Home inFocus Minorities in the Muslim World

Minorities in the Muslim World

Harold Rhode Fall 2015

How does Islam understand the concept of non-Muslims or “different” Muslims? Do Sunnis believe non-Sunni Muslims have rights equal to Sunnis? Is there one central authority that can decide today who speaks for all Muslims?

Sadly, the Muslim world is in total turmoil. We could discuss the traditional Muslim legal code regarding non-Muslims, but, given the political upheaval now going on in the Muslim world, none of the historic answers seem relevant.

Why is this so? Though we in the West tend to view Islam as a religion and understand it in that context, Islam has always had another side—the political side—that throughout Islamic history has often been the dominant factor in Islamic politics. This is true both when the Muslim world is stable, and most definitely so when that Muslim world is filled with instability, as it is today.

Those who know their place

According to what we might call “classic” Muslim understanding, those who had revelations from G-d before Islam were allowed to live in the Muslim world in a status called “dhimmitude,” roughly meaning political and societal inferiority. As long as the Jew, Christian, or a few other pre-Islamic monotheistic groups “knew their place,” they usually managed to survive. One rarely witnessed in the Islamic world the pogroms and massacres so common against the non-Christians in Christian Europe throughout history. Apologists for Islam often bring this up when trying to “prove” how much better non-Muslim life was under Muslim rule, than non-Christian life in Christendom.

Probably a better metaphor is the manure market in Isfahan in central Iran. There are different types of manure available for sale—actually different qualities—each used for different purposes. There are different grades/levels, but no matter how one defines it, it is manure. Which roughly corresponds to the way non-Muslims were treated in the Muslim world—a higher level than in the Christian world, but in the end, they were treated as inferiors or worse.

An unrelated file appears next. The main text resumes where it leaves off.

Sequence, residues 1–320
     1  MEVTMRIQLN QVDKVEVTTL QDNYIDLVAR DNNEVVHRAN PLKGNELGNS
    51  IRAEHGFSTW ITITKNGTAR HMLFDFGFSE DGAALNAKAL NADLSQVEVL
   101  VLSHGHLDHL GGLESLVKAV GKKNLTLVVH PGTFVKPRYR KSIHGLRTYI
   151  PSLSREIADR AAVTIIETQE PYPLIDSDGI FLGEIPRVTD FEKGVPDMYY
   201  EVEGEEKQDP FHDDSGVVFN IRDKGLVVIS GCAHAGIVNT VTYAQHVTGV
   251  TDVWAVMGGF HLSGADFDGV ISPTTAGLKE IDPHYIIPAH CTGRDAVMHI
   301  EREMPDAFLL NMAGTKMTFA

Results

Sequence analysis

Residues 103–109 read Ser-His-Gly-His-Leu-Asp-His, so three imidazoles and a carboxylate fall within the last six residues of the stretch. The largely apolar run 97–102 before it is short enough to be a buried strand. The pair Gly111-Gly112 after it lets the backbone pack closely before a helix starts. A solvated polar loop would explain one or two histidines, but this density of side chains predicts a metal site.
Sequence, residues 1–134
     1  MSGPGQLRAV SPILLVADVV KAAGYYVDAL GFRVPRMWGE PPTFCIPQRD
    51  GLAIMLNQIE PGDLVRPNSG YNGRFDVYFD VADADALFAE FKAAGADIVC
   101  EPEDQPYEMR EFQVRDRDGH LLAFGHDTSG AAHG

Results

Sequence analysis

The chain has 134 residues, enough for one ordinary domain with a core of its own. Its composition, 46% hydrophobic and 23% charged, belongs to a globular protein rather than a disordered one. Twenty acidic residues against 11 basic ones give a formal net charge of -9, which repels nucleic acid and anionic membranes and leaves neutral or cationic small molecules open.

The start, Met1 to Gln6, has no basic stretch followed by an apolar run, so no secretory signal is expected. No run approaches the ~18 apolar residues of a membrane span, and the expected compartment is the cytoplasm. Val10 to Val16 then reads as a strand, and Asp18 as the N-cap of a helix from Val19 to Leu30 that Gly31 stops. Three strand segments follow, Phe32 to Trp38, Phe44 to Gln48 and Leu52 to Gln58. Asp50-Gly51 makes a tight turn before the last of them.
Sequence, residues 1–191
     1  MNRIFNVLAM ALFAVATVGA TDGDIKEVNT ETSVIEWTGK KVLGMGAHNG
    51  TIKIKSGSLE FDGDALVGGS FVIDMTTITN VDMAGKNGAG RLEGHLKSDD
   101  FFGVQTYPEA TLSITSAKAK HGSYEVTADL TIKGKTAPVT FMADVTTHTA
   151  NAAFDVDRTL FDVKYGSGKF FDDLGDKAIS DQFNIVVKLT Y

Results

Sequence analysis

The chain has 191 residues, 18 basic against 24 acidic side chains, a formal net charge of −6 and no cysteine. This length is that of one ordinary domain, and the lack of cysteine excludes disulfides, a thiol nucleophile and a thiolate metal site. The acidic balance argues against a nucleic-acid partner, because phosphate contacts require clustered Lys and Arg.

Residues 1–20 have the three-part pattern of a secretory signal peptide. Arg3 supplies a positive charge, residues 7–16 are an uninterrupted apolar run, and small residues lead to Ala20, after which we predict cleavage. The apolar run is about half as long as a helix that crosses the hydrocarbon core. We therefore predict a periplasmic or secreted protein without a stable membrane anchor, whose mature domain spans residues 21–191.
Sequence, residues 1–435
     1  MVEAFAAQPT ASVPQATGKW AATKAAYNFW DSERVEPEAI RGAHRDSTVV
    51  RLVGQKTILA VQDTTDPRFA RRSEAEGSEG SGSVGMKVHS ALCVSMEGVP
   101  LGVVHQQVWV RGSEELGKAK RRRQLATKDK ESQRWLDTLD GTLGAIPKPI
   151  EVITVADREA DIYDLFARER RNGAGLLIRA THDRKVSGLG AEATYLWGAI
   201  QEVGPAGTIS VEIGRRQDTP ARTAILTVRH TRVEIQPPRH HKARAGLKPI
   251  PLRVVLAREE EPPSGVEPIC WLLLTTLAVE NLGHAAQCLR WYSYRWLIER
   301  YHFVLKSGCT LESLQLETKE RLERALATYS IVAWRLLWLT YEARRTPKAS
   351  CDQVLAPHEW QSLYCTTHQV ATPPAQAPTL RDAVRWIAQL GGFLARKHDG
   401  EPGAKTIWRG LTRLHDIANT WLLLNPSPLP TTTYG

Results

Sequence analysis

Iranians often claim that before the Islamic regime, Jews were treated well in (Shiite) Iran. Interestingly, however, Jews are always described in Iranian literature in derogatory terms. The same is true to a slightly lesser extent in (Sunni) Turkish and Arabic literature.

As for Christians in the Muslim world, they also suffered constant disdain at the hands of the Muslim majority. Arabic-speaking Middle Eastern Christians actually created Arab nationalism in an attempt to find the equality that eluded them in the traditional Muslim Middle East where they, like Jews, were constantly humiliated by their Muslim rulers and neighbors. All Arabic speakers—according to this Christian theory of Arab nationalism—were equal as Arabs. But once Muslim Arabic-speakers read what the Arabic-speaking Christians wrote, the Muslims laughed and argued, with strong justification, that in order to be a good Arab, one had to be a Muslim, which again put the Christians in their “proper” place, as it should be in the Muslim Middle East.

Other groups, such as Yazidis in northern Iraq and a few in Syria, who also are members of an ancient pre-Islamic monotheistic religion, suffered the same fate. Yes, they managed to survive, but from time to time, the Muslims made their lives miserable.

‘Alawites, originally from the mountains along what remains of Syria’s coastal region, have a religion thought to be essentially an offshoot of Shiite Islam augmented with many ancient Hellenistic traditions, and even some festivals very similar to Christianity (they have a Trinity, and holidays very similar to Christmas and Easter). They, for example, deify ‘Ali in a way similar to the role of Jesus in Christianity. At times their leaders claimed they were Muslims, but no “self-respecting” Sunni Muslim—about 70% of Syria’s population before the last few years of wanton destruction in what used to be Syria—accepted them as Muslim. Upper-class Syrian Sunnis called them “Abid,” which means “slaves” in Arabic, and treated them as such.

In short, it was by and large nice that Muslims “tolerated” non-Muslims or “different” Muslims in their midst, but non-Muslims constantly had to be on guard, never knowing for sure what might happen if they raised their voices. What developed almost universally in the Muslim world was a certain “docility” which enabled non-Muslims to survive.

The Collapse of Order and Political Stability